Saturday, November 24, 2018

The Apostle Paul's Letter To The Galatians. Day 9, The Law Led Us To Christ

Lest anyone think Paul has anything against the Mosaic law, we must keep in mind that he is a Jew of the tribe of Benjamin, brought up in the faith, a former Pharisee, and apparently a former member of the Sanhedrin, for he states in Acts 26:10 that he cast his vote against the Christians. Paul respects the law, but he will explain that the purpose of the law was not to save souls but to show men and women they could never keep the law to perfection. This realization was meant to cause them to turn to the Lord for mercy.

"Why, then, was the law given at all? It was added because of transgressions until the Seed to whom the promise referred had come." (Galatians 3:19a) You will recall from yesterday's passage that God made a promise to Abraham that salvation would come to all nations through his Seed (not Isaac, but the Messiah). The law was given not to Abraham but to the twelve tribes of Israel after the Lord brought the twelve tribes of Israel out of Egypt. Israel was about to become a great nation, and every society needs law and order. In addition, Israel was going to be a chosen people in the sight of God, and they needed to know the standards of a holy God. This choosing happened long before the twelve tribes even existed; this choosing happened when God made His covenant promise to Abraham. Would God have made such a promise to a man who did not have faith in Him? Of course not, and this is Paul's point. God made a covenant with Abraham and justified Abraham in His sight because of Abraham's faith. Abraham didn't have the law. What Abraham had was faith. Everyone who lived before the law found justification in the eyes of God only by faith. Everyone who has lived since the giving of the law has found justification in the eyes of God only by faith.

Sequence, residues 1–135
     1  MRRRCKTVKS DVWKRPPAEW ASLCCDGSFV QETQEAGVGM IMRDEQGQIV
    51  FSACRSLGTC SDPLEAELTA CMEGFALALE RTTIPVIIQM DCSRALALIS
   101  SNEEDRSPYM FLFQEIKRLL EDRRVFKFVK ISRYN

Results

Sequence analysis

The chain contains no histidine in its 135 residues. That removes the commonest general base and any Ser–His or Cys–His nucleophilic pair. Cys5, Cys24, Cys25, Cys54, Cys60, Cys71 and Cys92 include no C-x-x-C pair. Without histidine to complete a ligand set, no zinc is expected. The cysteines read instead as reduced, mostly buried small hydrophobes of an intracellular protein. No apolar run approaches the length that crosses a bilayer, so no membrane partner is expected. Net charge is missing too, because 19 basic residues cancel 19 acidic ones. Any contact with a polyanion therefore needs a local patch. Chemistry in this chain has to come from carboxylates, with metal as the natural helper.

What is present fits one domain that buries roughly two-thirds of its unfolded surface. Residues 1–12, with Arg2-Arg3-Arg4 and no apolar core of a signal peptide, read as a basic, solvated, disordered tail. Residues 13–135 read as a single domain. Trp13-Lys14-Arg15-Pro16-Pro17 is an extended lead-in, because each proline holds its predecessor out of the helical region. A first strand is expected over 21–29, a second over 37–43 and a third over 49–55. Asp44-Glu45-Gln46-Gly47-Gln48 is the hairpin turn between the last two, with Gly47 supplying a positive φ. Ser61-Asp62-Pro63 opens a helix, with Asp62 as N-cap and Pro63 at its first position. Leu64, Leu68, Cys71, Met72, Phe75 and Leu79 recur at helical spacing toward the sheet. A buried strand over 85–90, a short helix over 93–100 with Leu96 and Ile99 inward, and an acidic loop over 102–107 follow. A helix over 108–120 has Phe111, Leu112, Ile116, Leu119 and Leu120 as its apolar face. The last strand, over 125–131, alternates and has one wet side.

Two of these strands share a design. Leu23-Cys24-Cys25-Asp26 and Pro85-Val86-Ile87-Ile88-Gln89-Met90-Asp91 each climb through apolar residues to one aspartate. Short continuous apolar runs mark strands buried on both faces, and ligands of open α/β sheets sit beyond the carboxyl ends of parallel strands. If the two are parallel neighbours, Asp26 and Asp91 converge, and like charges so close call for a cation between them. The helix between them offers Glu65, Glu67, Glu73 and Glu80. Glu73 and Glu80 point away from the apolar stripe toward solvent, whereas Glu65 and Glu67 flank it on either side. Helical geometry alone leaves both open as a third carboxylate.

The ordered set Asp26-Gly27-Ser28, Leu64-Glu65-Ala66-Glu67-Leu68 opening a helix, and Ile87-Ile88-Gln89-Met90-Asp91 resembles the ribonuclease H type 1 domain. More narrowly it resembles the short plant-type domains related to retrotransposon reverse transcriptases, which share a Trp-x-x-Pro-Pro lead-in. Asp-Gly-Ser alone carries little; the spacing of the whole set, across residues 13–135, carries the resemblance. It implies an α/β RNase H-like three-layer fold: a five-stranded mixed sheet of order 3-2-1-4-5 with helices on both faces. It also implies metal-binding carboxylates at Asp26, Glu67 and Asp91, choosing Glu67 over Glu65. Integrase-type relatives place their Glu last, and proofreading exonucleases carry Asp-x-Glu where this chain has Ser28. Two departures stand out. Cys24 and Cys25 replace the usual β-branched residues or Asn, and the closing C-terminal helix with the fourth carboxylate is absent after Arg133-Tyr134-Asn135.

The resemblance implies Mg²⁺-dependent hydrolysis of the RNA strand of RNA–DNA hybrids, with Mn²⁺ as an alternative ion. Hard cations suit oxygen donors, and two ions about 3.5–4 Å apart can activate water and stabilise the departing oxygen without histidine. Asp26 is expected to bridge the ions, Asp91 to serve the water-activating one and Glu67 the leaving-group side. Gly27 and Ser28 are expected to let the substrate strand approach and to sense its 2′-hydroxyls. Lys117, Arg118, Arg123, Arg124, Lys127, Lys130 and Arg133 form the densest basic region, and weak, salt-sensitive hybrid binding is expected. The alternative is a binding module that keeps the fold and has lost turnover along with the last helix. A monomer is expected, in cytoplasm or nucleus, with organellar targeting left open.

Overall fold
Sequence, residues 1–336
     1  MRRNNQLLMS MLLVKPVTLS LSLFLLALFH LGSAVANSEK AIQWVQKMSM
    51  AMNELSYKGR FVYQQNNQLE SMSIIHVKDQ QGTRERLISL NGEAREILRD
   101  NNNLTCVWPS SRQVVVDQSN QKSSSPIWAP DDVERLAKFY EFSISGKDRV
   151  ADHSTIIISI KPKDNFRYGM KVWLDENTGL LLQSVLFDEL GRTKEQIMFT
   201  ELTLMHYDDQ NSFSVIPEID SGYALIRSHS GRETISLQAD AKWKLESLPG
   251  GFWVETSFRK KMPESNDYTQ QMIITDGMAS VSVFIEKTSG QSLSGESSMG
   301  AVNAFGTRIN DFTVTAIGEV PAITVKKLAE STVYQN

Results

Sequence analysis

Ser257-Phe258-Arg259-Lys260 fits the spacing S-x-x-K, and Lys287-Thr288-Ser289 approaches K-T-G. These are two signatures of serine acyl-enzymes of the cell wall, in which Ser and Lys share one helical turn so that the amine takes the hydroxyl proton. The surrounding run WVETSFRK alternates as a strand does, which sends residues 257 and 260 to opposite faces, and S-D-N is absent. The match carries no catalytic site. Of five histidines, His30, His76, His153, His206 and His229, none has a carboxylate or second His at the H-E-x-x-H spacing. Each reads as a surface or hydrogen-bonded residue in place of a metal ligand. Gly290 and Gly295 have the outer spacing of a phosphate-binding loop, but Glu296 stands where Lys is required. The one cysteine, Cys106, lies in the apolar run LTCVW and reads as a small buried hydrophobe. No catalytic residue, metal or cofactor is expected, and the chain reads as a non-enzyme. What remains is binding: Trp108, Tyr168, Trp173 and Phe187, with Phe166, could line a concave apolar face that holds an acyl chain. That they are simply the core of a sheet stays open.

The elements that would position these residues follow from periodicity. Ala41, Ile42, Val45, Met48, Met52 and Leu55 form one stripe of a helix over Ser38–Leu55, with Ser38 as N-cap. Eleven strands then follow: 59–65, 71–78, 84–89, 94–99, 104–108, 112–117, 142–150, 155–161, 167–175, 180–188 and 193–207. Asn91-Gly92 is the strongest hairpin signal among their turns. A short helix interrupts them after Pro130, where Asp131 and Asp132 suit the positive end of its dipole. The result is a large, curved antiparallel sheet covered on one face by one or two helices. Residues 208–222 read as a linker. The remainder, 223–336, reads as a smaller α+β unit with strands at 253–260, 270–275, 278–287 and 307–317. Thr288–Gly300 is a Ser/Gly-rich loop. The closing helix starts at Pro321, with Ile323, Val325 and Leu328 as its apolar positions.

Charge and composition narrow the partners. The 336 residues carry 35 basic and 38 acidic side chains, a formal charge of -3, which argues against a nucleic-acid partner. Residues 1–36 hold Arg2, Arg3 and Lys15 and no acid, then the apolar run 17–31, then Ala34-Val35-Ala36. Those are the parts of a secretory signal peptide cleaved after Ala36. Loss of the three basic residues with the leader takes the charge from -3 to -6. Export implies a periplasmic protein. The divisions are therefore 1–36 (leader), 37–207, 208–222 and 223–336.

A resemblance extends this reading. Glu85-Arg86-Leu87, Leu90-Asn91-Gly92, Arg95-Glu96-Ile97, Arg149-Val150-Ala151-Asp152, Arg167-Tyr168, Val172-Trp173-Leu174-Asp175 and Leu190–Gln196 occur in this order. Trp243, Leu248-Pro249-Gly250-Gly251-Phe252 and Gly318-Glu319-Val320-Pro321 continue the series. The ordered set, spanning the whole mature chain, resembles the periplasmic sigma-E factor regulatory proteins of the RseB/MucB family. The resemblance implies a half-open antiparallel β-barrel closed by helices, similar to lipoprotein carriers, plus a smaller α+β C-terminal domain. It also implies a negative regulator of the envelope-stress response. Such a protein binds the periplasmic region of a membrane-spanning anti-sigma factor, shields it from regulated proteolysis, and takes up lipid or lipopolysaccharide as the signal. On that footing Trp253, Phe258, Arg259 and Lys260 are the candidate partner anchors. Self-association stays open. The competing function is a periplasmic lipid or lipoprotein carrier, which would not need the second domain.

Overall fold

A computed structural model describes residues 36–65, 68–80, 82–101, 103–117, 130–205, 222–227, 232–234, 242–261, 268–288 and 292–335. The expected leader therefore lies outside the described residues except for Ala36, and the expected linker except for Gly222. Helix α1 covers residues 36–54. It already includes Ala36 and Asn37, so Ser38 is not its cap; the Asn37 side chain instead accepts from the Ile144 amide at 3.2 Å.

"The law was given through angels and entrusted to a mediator. A mediator, however, implies more than one party; but God is one." (Galatians 3:19b-20) This is one of the statements of Paul's that I feel Peter must have been referring to when he said, "His letters contain some things that are hard to understand." (2 Peter 3:16) One commentary I consulted reveals that there are over four hundred interpretations of Paul's statement. Scholars obviously do not agree with each other about what Paul is saying. They do, however, agree that Paul is showing us the difference between the making of a promise and the giving of the law. The promise God made to Abraham, as we learned yesterday, did not depend on anything Abraham or his descendants would do or fail to do. The Seed (the Messiah and Redeemer) was coming just as the Lord told Abraham He would. This promise was given 430 years before the law was given and it supersedes the law. The keeping of the law or the failure to keep the law has no effect on the promise. The Lord gave the law---a legal contract---to the nation through angels to Moses, who acted as a mediator between the people and the Lord. But in the giving of a promise the Lord needed no mediator. Abraham and his descendants did not have to agree to anything in order to receive the promise, and therefore no mediator like Moses and no angelic witnesses were needed in order to make the promise valid. The law was a contract and that means man and God had to agree to the terms of the contract. But the promise was simply a gift of grace, not dependent on anything but God's intention to keep it.